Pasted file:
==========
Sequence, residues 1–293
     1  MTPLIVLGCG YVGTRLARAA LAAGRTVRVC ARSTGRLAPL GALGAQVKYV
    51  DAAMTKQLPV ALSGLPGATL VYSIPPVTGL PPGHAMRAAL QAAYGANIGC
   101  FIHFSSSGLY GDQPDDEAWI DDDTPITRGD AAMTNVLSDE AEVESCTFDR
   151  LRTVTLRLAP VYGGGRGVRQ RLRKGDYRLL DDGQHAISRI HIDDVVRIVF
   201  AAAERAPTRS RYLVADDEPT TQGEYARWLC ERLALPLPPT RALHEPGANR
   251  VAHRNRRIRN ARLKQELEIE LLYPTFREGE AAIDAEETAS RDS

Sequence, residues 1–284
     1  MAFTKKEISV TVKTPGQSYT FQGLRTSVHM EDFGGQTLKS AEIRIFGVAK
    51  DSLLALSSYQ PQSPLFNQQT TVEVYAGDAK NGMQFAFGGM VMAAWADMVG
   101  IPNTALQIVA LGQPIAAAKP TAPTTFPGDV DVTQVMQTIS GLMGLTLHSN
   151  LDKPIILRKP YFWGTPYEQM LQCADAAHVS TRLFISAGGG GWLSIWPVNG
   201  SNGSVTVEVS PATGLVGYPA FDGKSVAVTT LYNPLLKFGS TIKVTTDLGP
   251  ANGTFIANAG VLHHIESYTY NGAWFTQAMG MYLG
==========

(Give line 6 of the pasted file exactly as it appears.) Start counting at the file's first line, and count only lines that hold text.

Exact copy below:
   201  AAAERAPTRS RYLVADDEPT TQGEYARWLC ERLALPLPPT RALHEPGANR